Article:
76% Sierra Leoneans Say Bio Government is Doing Well – Afro Barometer

The Institute for Governance Reform (IGR) officially launched the 9th edition of the Afro Barometer Survey at the Raddison Blu Hotel. The survey found that 76% of Sierra Leoneans believe their government is doing “fairly well” in promoting equal rights and opportunities for women, while 64% believe it is doing “very well” in that regard.

Dr. Fatou Taqi, the director of academic and career affairs at the University of Sierra Leone, praised the government’s efforts to address gender inequality in her remarks and called for more to be done to eradicate it. The majority of Sierra Leoneans, she stated, think that the government is doing a good job of promoting equal rights for women to own and inherit land, find employment, and run for public office. “Most believe that a woman running for office will improve her status in the community, but a sizable percentage also believe that it is likely that she may face criticism or harassment from others in the community,” she said.

The Gender Equality and Women’s Empowerment (GEWE) Act, which requires equal pay for equal work, maternity leave, financial inclusion, and a 30% quota of women in government appointments and private institutions with more than 25% employees, was passed into law in Sierra Leone, she continued, and supporters of equal rights for women are jubilantly celebrating the country’s accomplishment.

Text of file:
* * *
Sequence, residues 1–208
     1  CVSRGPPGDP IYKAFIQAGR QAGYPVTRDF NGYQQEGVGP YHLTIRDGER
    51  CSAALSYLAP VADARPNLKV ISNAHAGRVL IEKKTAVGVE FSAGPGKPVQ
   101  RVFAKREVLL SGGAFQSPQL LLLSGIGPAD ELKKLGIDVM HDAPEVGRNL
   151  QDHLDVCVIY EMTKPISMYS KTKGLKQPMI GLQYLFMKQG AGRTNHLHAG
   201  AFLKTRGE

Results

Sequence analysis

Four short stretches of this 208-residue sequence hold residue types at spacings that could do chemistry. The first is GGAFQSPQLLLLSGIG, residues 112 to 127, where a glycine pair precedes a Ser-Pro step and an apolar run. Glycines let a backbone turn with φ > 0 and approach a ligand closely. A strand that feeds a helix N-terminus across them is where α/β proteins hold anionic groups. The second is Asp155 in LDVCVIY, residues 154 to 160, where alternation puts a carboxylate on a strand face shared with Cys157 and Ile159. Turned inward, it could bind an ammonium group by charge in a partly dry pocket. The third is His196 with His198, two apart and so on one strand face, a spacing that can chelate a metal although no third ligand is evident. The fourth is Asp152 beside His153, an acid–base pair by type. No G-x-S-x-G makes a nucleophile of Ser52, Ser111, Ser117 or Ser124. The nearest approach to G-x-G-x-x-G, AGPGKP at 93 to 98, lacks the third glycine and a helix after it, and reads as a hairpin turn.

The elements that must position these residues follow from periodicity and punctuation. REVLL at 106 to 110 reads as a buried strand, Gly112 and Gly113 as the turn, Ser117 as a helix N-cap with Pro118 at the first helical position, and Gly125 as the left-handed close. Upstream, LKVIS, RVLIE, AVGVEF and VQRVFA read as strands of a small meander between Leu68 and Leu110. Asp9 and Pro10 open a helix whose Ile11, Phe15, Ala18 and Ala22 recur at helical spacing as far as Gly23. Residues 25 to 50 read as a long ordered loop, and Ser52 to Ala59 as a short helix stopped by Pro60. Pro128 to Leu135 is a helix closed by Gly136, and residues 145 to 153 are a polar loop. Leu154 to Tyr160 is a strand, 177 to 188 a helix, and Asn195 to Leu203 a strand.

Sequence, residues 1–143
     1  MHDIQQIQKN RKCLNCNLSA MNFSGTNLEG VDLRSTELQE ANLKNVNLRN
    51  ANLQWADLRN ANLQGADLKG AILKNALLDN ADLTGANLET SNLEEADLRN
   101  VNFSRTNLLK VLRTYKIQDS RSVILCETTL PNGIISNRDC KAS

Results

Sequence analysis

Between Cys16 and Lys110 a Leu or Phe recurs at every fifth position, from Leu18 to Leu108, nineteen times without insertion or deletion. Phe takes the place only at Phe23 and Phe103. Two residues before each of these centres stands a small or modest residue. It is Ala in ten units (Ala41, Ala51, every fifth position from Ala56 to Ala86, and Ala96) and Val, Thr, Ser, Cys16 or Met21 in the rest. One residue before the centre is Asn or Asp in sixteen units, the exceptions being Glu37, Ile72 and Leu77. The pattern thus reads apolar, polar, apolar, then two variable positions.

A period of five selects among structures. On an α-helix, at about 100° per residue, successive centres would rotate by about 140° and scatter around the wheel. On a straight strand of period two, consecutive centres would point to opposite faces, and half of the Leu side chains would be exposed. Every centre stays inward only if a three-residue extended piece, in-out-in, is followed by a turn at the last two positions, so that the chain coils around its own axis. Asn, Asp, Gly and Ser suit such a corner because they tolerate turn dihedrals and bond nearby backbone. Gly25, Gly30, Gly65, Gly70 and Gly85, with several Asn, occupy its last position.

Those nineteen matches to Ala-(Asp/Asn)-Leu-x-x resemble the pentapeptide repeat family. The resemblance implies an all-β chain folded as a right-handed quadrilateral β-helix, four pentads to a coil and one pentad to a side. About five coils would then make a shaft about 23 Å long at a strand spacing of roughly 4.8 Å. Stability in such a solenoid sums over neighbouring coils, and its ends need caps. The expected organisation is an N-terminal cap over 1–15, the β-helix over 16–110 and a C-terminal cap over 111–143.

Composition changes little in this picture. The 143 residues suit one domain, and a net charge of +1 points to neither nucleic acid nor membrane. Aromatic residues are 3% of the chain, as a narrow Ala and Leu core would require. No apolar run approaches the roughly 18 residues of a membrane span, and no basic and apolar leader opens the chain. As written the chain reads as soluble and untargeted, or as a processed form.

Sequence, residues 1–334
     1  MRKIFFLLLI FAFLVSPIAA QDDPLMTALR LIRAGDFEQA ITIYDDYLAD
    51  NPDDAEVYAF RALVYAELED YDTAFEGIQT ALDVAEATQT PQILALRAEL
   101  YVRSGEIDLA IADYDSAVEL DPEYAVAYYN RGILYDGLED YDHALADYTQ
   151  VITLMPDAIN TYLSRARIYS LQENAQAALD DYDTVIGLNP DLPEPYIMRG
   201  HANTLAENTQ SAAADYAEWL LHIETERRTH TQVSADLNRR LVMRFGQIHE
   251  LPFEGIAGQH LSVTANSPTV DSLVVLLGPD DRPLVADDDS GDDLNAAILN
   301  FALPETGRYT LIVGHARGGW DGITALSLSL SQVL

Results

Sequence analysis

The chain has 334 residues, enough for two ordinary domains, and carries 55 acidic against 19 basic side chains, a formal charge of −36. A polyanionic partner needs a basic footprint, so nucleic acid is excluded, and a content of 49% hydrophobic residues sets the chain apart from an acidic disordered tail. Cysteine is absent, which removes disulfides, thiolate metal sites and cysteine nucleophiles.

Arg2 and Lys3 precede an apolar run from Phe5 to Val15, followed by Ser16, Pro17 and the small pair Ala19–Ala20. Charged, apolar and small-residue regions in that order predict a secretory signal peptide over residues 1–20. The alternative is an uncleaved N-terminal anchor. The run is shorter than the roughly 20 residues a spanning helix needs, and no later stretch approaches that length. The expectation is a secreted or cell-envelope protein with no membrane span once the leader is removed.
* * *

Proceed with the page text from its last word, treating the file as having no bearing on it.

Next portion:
In Sierra Leone, women are more likely than men to have no formal education at all (46% vs. 34%) and to acquire post-secondary education only at a lower rate (7% vs. 20%). Additionally, a sizable majority of Sierra Leoneans (75%) and 71%, respectively, believe that women should have the same rights as males to own and inherit land and to be elected to public office.

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Eight out of ten respondents (82%) believe that a woman will improve her status in the community if she runs for government, according to the report. However, more than 4 in 10 (42%) believe it is likely that others in the community will judge or harass women, and 21% believe that women will likely experience issues with family members.



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